Fred Phelps and his daughter have been banned from entering the UK
A threatened mass protest by an anti-gay US church failed to materialise when only one demonstrator turned up.
Fred Phelps and his daughter Shirley Phelps-Roper from the Westboro Baptist Church were banned from entering the UK to protest against a play in Hampshire.
They had urged a picket of Queen Mary's College in Basingstoke over the staging of The Laramie Project, a play about a man killed for being gay.
But only one protester arrived and was heckled away by counter-demonstrators.
Play supporter Blake West was among about 50 students who protested against Westboro church outside the college on Friday.
He said: "They are doing something completely ridiculous which has very flawed and inaccurate foundations.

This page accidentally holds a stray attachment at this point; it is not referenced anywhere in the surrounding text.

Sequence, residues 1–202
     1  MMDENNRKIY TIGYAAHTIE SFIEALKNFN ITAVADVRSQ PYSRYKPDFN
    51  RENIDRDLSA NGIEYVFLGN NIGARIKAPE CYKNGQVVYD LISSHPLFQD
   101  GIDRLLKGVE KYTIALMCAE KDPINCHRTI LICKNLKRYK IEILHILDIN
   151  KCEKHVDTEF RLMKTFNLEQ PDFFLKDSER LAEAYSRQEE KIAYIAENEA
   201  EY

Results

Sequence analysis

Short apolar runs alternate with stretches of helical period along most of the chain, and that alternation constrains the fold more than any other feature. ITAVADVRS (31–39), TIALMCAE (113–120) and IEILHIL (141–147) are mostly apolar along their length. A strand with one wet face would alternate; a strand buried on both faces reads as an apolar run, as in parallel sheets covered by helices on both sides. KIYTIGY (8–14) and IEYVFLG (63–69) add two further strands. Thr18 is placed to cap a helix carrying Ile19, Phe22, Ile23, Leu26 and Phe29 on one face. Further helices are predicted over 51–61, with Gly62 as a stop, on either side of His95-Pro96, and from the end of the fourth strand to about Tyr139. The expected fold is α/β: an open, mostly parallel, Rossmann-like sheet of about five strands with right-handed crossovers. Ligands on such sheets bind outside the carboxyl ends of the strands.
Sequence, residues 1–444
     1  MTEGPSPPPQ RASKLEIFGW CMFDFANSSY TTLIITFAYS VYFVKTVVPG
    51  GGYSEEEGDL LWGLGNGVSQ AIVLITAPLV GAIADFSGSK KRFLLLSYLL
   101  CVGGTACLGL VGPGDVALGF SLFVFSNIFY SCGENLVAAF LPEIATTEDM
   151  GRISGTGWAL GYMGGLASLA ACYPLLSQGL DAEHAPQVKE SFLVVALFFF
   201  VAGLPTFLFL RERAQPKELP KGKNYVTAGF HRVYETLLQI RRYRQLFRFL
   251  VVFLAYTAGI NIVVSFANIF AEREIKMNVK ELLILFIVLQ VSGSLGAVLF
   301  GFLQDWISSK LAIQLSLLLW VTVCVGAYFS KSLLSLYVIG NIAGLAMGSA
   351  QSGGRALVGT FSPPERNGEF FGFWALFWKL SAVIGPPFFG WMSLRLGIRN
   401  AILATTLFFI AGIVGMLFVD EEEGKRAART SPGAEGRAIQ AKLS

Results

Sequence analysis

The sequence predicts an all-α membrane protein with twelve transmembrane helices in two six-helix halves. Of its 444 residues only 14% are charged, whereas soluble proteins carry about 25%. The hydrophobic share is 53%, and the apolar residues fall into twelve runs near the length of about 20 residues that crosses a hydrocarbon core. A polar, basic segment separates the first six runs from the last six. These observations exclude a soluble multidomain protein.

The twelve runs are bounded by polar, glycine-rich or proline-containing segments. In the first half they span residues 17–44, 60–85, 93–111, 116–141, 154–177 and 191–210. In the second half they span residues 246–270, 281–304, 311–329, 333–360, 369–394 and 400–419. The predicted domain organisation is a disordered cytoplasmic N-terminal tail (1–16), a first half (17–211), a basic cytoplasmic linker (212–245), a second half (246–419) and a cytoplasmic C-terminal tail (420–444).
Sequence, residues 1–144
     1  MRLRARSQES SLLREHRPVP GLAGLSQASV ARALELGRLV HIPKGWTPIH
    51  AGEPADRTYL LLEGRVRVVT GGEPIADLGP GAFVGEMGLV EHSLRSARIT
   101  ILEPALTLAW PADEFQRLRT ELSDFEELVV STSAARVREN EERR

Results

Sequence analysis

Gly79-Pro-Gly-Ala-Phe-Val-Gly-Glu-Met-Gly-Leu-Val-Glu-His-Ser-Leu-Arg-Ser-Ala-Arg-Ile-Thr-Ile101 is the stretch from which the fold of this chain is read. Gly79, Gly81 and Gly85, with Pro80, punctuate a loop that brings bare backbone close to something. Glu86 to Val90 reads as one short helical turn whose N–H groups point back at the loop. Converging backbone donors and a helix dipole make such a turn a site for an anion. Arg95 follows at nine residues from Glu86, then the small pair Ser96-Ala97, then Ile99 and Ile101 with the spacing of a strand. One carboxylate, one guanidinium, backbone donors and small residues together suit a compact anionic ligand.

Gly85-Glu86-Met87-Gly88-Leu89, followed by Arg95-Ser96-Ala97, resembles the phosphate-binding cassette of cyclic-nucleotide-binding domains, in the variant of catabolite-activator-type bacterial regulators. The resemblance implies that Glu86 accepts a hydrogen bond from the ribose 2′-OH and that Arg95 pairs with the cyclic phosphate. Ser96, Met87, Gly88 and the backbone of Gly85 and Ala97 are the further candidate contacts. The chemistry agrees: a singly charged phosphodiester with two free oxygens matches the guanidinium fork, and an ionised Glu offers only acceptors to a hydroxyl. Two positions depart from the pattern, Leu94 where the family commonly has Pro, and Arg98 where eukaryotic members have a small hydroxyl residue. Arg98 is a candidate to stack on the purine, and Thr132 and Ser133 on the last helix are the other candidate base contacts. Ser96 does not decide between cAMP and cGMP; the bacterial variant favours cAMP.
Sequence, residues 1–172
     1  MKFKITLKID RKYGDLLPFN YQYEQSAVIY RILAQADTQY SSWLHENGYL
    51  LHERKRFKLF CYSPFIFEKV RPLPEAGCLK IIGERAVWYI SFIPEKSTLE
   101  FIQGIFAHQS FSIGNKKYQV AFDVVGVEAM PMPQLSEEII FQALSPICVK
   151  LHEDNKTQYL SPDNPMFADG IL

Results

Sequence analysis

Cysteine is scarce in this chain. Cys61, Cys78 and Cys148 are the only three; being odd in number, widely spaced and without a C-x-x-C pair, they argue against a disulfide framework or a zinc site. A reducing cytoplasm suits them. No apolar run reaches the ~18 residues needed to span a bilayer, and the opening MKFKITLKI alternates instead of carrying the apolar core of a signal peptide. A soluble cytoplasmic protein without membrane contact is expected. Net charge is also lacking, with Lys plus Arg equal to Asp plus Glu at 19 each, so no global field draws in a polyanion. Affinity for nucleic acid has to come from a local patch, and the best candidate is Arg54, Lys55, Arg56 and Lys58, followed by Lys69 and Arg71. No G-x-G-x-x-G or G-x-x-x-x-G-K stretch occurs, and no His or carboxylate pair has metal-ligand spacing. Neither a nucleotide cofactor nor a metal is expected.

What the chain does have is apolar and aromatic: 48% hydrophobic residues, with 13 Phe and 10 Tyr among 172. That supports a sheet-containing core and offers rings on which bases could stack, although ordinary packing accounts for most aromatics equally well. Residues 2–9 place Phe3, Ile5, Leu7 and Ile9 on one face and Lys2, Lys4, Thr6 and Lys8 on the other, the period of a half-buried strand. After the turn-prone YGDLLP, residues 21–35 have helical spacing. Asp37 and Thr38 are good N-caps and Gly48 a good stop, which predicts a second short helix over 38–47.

"I am just standing up for my own sexual orientation.
"Their views will not be tolerated and all of us have proved that here tonight."
Westboro preacher Mrs Phelps-Roper had said the decision to ban her and her father from entering the UK would "bring great wrath upon your heads".
She had warned that other members of the church, who are not as well known to the authorities, would be trying to get into the UK to protest but that failed to happen.
The church's website advertised the picket, proclaiming: "In merry old England they plan to further enrage the living God by putting on the farce known commonly as The Laramie Project.
"We will picket them, and see if they actually believe those lies they tell about how tolerant and accepting Brits are."
Members of the group - based in Topeka, Kansas - have denounced homosexuality for years and have in the past targeted the funerals of Aids victims.
In 2007, the church was told to pay $10.9m (£5.2m) after its members cheered a soldier's death as "punishment" for US tolerance of homosexuality.